Cash is no longer king. 

Well, having access to cash is still definitely king but using it to purchase items has changed.  Going to the ATM or the bank and filling up your wallet for the week, with that folding stuff, is practice that we have been urged to abolish.  Shopping online from home and retailers forcing us to tap and go has changed the way it the way we pay.  If for whatever reason you do need to get cash it will be different.  

There was a time not too long ago when we were impressed by touch screens and all they enabled us to do. COVID has made most of us hyper-aware of every touchable surface that could transmit the disease, so in a post-COVID world, it is expected that we’ll have fewer touch screens and more voice interfaces and eventually machine vision interfaces.  Get ready to be recognized by your friendly ATM and having conversations with inanimate objects. 

Mojo (emergency) bucket to become the norm. 

With the increase in online shopping and the disappearance of cash as a limiter on what we spend, knowing and sticking to a budget becomes vital.  The “spend whatever you earn and then just use your credit card philosophy” is a definite practice of the past.  This is a practice that has thousands of families in dire straits today.  Those who have been living from pay cheque to pay cheque are vowing to themselves never again. As in most times of financial hardship the Australian household savings rate increases, and I am guessing it will be the same again this time around.  But how best to do this?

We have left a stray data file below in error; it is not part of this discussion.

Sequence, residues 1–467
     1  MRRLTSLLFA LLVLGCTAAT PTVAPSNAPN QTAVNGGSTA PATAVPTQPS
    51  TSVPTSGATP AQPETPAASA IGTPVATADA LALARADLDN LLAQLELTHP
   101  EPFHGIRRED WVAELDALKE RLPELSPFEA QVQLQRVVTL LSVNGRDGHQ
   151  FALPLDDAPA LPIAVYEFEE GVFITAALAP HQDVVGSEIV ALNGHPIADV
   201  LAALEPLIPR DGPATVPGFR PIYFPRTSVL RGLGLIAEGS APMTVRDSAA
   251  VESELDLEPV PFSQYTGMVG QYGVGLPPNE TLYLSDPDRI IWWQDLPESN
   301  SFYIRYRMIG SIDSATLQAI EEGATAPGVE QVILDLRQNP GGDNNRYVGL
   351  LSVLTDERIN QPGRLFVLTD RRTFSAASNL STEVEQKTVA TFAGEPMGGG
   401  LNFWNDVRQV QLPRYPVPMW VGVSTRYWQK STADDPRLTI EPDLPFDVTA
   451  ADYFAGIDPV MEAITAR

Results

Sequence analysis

For those who have not read Scott Pape’s book the Barefoot Investor and his 9 steps to financial freedom, here is a look at his bucket philosophy.  Divide your monthly income into 3 buckets:  

  • Blow bucket – for daily expenses, your budgeted items and the occasional splurge. 
  • Mojo bucket – to provide emergency funds of at least 3 months living expenses. 
  • Grow bucket – to build long term wealth and total security. 

The Mojo (emergency) bucket is what we all need to build to ensure financial stability in the years ahead.  Set the bucket philosophy in place now and be ready for anything that this world can throw at you. If you do want to take it further and follow all of Scott’s steps, then check them out here. 


This strategy is not for everyone and has been provided as general information only and prepared without taking into account your financial position, objectives, and needs. You should consider its appropriateness and seek financial advice before making any financial decisions.